Britain entered the war on 4th of August 1914 by sending an expeditionary force for divisions to fight alongside the French. At this time the only regular forces available to the British were their own army and Indian Army. The Indian Army fought in all the major theatres of war where Britain was engaged. The Germans war plans had called for the early defeat of the France by a sweeping manoeuvre through Belgium and northern French. Successive efforts by each side to outdo the other led to what came to be called the 'Race to the sea'; eventually leading to a nearly unbroken line of defences from the North sea to the Alps.
The war now deteriorated into a series of effort to frontally break through the enemy defences. Artillery, the machine gun and barbed wire made these efforts costly in manpower and casualties suffered were on a scale not imagined nor catered for. The small regulatory peacetime British Army was soon hard pressed and Britain called on the only other trained manpower readily available, the Indian Army. During the First World War around 40,000 Indian Army troops were deployed on various fronts oversees. Though initially they moved into the theatres of war ill trained and ill-equipped, they rose to various challenges with dexterity and fervour, to be fully equipped and trained in due course.
The first major battle in which Indian troops took part was the First Battle of Ypres, a small market town in Flanders bordering present day Belgium. Troops of the Indian Corps were fully committed there and suffered heavy causalities. In the Middle East, units of Indian Army and many of the Princely States were deployed for the defence of Suez Canal and for operations in Gallipoli, Persia, Mesopotamia, Palestine and East Africa. In Egypt and East Africa Indian Army troops were deployed throughout the war for the defence of Suez Canal, operations in Gallipoli and for various campaigns in Africa including that of Kilimanjaro. At the Palestine and Syrian fronts they participated in the battles of Jerusalem, Gaza, Megido, Sharon and Hafia.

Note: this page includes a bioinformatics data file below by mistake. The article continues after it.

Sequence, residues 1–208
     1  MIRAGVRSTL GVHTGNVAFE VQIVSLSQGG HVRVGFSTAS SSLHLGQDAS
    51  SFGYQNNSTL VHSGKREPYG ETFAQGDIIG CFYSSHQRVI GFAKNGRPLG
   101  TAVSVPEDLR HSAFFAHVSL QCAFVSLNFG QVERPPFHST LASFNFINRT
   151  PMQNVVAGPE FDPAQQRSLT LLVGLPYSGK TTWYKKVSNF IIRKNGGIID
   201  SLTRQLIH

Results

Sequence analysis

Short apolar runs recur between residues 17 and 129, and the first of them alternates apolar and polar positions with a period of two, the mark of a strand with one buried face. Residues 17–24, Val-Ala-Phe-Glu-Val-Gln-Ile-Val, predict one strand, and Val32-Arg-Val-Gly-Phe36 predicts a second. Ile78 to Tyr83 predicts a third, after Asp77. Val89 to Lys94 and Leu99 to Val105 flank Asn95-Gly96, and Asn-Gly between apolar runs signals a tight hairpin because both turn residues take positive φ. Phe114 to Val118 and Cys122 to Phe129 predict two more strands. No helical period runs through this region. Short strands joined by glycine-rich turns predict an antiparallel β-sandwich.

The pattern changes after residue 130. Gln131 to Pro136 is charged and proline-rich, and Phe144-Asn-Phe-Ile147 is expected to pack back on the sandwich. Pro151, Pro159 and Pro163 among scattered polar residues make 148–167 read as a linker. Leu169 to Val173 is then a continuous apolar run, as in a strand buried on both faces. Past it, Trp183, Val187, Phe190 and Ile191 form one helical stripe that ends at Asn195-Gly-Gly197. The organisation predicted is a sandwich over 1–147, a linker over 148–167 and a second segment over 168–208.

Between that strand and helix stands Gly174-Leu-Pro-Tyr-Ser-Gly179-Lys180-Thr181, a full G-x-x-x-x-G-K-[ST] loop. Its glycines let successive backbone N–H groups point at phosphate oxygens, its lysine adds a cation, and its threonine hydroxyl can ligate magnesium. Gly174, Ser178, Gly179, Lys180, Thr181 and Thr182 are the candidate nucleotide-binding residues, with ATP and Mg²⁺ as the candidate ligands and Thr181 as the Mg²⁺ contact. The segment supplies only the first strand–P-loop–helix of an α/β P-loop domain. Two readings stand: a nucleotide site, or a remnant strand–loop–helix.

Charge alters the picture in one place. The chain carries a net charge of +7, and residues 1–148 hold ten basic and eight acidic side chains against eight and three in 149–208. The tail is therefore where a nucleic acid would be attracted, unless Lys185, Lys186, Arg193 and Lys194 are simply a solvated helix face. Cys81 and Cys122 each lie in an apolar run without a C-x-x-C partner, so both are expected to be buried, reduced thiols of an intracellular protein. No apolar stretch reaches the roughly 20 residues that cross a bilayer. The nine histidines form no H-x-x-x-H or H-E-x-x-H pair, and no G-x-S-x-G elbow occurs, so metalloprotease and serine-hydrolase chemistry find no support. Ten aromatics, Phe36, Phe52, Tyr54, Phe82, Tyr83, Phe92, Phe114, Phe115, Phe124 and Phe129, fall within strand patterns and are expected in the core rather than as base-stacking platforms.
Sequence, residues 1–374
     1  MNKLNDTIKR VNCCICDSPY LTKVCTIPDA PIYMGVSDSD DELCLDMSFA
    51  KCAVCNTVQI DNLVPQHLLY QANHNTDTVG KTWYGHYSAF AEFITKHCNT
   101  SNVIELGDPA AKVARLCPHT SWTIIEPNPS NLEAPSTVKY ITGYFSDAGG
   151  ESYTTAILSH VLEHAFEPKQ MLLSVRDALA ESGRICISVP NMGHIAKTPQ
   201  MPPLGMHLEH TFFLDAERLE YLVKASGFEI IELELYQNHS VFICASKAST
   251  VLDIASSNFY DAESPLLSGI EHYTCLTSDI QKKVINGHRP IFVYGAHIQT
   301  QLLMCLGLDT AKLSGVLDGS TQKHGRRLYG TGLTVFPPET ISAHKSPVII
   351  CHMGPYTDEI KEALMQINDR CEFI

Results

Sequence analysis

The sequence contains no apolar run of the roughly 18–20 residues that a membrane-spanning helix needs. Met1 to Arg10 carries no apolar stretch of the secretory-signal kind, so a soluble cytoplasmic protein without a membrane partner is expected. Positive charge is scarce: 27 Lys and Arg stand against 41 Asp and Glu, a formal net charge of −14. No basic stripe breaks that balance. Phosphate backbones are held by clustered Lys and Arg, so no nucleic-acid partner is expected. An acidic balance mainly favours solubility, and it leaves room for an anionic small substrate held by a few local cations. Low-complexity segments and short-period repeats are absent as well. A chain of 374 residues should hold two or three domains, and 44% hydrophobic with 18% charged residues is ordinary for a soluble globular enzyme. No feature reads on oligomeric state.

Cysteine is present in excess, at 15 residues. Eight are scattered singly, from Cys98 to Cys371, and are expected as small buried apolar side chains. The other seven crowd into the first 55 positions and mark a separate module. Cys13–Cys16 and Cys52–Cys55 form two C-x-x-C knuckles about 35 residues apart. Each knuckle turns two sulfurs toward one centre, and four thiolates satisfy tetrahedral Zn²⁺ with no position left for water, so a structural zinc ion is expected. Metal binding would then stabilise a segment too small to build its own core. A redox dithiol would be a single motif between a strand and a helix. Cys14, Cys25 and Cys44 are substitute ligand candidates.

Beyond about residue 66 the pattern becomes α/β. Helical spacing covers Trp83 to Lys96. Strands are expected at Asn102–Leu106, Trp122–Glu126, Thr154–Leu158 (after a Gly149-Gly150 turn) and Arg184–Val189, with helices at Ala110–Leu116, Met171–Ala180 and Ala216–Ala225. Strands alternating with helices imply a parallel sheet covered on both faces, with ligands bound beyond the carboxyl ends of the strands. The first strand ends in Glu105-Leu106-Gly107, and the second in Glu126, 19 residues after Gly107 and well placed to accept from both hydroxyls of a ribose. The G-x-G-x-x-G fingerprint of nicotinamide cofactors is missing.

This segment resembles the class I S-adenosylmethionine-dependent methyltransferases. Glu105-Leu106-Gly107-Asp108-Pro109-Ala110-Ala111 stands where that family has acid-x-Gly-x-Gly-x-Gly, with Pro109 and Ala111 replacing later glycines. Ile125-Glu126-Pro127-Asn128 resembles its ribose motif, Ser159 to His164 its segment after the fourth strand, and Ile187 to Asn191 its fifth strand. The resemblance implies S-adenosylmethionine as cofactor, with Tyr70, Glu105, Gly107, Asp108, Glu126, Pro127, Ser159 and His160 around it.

At the Persian front, where Indian troops were deployed throughout the war, they again performed splendidly. At the outset of the war Russian troops had occupied most of northern Persia, despite their declaration of neutrality. When Turkey entered the war Indian troops were deployed in the north-western coast of Persian Gulf so as to protect British oil interests, contain the Russians and to obtain a base for operations in Mesopotamia. In all these fronts Indian Army troops performed wonderfully.
Indian Army after First World War
When the war ended the Indian Army was once again reorganised to improve the system of command; achieve better balance between the fighting arms and services; to update arms and equipment and to develop a system of continuous reinforcement and expansion during war. The army was now divided into four commands - Northern, Eastern, Western and Southern. In 1920 the Indian Territorial Force (ITF) was raised for home defence and garrison duties, while Auxiliary Forces (India AFs) continued to be in charge of internal security. First World War, however, had shown glaring deficiencies in the organisation and administration of the army. Efforts to set these right now started in earnest. One of the greatest deficiencies had been in the system of recruit training and maintenance of reserves. This was sought to be set right by introducing a Regimental system.
With regards State Forces, prior to the inception of Indian Army based on the British model, most of the Princely States had their own armies to include infantry, artillery and cavalry units amongst other logistic units or sub units. While expanding their influence over India, the British augmented their own armies through local recruitment in order to effectively fight some of these very state armies who dared to oppose their advance. With the establishment of the British power in most part of India, the Indian States reconstituted their armies with the implementation of the Subsidiary Alliance by Lord Wellesley, under which the Indian States were required to maintain forces for the use of the Imperial power. In some cases, where the states were unable to ensure regular finances for their forces, funds were provided or large tracts of land were ceded for their maintenance. Many of these State Force units and sub-units performed splendidly in a number of campaigns in India and overseas, particularly during the two World Wars.
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